Sam Lowe at the Centre of European reform says not in a clear and interesting piece. Some quotes from him.
1. Whether we leave with a deal or not, buisness will have to adapt to
"to new customs procedures, regulatory requirements and restrictions on the provision of cross-border services... acknowledged by the UK government, with the recent publication of its border operating model, which spells out all the things companies trading between the EU and UK will need to do, whether there is a trade deal or not.
2. He continues "Furthermore, the macroeconomic impact of exiting the transition period with a free trade agreement is not very different from exiting without".
3. So why bother with an agreement at all? He sees a number of reasons:
A. Duty-free and quota-free trade
"A free trade agreement will still result in non-tariff barriers to trade. But it could remove all tariffs and quotas (so long as the products meet rules of origin requirements)".
And this is valuable in certain industries:
" For British exporters of products facing high tariffs, such as cars (10 per cent) and lamb (a chilled carcass faces a combined tariff of 12.8 per cent + €171.3/100kg), duty-and-quota free trade is essential if they are to remain competitive."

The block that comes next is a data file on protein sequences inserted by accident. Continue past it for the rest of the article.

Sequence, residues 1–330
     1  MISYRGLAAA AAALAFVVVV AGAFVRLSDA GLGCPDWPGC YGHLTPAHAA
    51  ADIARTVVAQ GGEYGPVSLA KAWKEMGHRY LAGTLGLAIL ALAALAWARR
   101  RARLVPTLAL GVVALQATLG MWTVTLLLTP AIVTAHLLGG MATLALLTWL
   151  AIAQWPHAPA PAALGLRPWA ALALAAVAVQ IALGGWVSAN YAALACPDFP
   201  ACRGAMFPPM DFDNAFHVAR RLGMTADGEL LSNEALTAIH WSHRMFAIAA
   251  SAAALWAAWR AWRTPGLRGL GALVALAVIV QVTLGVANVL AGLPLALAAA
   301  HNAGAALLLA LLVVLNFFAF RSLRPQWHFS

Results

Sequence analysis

And it might help with reducing border frictions "For example, it could reduce the rate of physical inspection at the border on products of animal origin from up to 50 per cent of consignments to near zero. A trade deal could also create a framework for the continued recognition of professional qualifications in both the EU and UK, and make it easier for people to fulfil short-term services contracts in both territories."
B. Supplementary benefits
"The EU is yet to decide whether to allow businesses to conduct some EU-focused financial services out of the UK by granting the UK’s regulatory regime ‘equivalence’. It also needs to decide whether to recognise the UK’s data protection regime as ‘adequate’, and therefore whether to allow companies to continue storing the personal data of EU citizens on servers located in the UK. While these are unilateral decisions for the EU to take, and technically unrelated to the trade talks with the UK, political realities mean that the EU is much more likely to grant the UK equivalence and adequacy if there is also a free trade agreement."
He also suggests some others essentially around help with customs co-operation "A free trade agreement would probably include provisions that formalise co-operation between EU
and UK customs agencies. It would also create a more positive working environment, rather than
the inevitable animosity that would accompany failure to reach a deal" which would likely help with the Northern Ireland issue and the political goodwill from reaching an agreement.